Haligonians Halley Davies and Martin Hellmich took first place in an international competition to celebrate the Hubble Space Telescope.
The two entered the contest honouring the 25 years Hubble has spent orbiting earth.
"We're the Hubble generation and we've never been alive and not known about Hubble," said Hellmich, who just happens to be 25.
He and Davies created a video paying tribute to the telescope and entered it into the under-25 category. The winners were announced on Friday.
The contest, called Ode to Hubble, was put on by the Hubble and the European Space Agency.
Their video was found to be the most innovative, scientifically accurate and unique video. Their prize is a photo signed by astronauts and astronomers who have worked on the Hubble, as well as a piece of the telescope's solar panel that provided it with power.
Hellmich says they created an animation using images from Hubble's data and used that to show how perspectives have changed over time.
"We wanted to show how people used to see the sky in the past and how our perception has been brought over a series of discoveries. At the centre of it was Hubble's ultra deep field which shows you 10,000 galaxies in a very tiny patch of sky which just gives you an idea of how big the universe is," he told CBC's Mainstreet on Friday.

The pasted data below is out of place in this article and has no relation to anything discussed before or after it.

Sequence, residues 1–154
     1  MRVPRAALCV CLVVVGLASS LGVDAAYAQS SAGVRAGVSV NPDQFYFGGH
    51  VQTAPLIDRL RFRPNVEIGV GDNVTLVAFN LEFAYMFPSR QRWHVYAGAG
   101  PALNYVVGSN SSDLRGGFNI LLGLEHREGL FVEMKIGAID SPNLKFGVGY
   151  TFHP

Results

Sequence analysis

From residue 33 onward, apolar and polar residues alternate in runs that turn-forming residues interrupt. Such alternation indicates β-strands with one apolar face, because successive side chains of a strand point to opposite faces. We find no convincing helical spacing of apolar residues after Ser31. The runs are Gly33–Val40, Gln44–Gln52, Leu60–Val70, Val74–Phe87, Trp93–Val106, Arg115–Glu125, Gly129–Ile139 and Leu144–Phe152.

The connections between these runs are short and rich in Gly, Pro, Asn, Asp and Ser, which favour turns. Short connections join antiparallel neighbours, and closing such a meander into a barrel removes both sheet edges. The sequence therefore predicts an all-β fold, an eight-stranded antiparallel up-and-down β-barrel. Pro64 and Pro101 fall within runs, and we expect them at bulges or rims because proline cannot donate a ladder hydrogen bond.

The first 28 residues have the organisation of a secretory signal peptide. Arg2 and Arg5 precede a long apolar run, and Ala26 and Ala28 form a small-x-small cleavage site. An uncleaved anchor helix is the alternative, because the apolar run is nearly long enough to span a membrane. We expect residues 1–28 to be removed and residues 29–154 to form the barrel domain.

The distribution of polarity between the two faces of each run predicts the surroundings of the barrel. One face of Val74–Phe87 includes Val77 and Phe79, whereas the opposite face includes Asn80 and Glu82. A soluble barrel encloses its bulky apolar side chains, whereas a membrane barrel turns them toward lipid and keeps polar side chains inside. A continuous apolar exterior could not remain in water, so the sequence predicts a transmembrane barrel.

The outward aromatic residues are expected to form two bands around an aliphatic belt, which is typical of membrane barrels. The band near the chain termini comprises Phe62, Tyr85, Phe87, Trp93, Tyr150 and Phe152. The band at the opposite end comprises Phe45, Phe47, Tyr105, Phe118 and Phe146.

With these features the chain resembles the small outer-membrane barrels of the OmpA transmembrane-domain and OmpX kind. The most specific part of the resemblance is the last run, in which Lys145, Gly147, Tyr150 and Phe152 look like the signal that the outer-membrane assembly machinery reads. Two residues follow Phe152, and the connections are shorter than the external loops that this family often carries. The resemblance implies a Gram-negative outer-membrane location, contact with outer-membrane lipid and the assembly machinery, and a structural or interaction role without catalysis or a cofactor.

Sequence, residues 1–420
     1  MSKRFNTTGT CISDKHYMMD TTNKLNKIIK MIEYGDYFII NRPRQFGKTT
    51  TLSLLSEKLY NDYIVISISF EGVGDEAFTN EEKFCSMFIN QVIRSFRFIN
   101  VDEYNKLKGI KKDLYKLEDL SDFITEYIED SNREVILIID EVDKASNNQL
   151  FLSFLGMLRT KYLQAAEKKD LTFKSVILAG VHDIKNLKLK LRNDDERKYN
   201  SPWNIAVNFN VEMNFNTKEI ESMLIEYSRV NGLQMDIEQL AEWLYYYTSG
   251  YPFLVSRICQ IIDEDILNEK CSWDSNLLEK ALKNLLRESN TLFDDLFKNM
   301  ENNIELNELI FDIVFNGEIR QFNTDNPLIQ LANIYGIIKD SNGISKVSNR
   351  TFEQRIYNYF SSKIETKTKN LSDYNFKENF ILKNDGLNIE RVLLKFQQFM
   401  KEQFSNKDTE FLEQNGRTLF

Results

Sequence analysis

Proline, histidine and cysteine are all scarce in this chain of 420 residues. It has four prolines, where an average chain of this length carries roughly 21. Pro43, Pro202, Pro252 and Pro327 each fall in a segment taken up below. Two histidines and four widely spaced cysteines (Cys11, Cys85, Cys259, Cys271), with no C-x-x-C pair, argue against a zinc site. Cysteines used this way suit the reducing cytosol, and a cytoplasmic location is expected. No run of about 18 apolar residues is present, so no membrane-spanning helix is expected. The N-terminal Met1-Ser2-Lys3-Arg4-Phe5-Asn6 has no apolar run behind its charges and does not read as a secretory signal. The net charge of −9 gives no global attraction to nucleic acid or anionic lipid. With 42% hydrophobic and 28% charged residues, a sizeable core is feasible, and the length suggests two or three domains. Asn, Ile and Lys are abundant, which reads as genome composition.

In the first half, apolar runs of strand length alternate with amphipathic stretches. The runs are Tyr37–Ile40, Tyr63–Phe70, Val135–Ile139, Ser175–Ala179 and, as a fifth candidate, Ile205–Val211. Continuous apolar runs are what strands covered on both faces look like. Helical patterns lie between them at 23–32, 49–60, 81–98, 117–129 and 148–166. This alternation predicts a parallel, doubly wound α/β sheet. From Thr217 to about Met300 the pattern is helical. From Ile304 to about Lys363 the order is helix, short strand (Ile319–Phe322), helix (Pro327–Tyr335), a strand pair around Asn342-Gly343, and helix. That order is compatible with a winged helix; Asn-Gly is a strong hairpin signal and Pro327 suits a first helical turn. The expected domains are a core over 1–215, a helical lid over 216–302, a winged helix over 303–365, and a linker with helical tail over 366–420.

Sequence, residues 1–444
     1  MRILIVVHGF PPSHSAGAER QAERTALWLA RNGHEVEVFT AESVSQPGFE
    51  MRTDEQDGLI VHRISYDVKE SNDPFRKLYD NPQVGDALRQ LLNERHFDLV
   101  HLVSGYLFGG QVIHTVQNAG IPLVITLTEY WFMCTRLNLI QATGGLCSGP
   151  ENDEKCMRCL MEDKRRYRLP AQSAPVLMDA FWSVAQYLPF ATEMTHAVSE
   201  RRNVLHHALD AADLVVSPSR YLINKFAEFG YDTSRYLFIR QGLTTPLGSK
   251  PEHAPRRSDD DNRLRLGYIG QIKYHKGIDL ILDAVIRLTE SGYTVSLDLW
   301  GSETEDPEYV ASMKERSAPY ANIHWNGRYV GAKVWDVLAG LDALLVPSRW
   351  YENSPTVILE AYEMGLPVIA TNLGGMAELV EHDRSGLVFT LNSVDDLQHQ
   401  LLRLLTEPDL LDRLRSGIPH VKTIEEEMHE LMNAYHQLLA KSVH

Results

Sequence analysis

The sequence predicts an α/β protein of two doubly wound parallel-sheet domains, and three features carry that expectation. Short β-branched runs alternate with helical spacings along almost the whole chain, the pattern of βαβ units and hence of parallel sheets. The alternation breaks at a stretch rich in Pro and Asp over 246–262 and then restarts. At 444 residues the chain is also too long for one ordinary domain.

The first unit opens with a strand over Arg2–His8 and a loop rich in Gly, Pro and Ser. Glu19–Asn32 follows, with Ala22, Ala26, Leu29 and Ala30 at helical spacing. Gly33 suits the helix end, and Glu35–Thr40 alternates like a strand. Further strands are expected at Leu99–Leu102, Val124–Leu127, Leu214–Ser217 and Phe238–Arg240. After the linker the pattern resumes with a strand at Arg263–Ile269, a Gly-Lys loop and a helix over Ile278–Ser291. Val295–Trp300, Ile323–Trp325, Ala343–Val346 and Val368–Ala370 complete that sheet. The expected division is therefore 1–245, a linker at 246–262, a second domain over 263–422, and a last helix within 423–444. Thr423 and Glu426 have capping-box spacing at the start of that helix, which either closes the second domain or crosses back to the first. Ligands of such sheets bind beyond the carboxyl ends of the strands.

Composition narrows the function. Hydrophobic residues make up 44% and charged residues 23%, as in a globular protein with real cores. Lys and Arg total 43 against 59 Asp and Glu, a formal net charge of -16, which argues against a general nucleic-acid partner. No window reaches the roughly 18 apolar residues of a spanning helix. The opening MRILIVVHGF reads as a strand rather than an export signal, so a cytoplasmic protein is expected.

Reaching for the stars
Hellmich says they were inspired to create the three-minute film titled Hubble's Universe by the vast amount of information the telescope has provided.
"Just to kind of give back and continue that spirit of sharing and inspiring people. There's people working together from all over the world on this common goal of just finding more about the universe. It's pretty inspiring and we just wanted to be a part of that. Winning was just so surprising and a really big bonus," he said.
Hellmich and Davies competed against video entries from Italy, Spain, Mexico and Argentina.
Hellmich says even with the large amount of knowledge that has been accumulated about space, he says there is a lot left to discover.
"Now we know that there's billions of galaxies and each of those galaxies has like half a trillion stars and there's planets that we've even taken direct pictures of and you can just imagine the sheer amount of places that we could visit or study and your imagination just runs wild, like there's almost no limit to what could be out there," he said.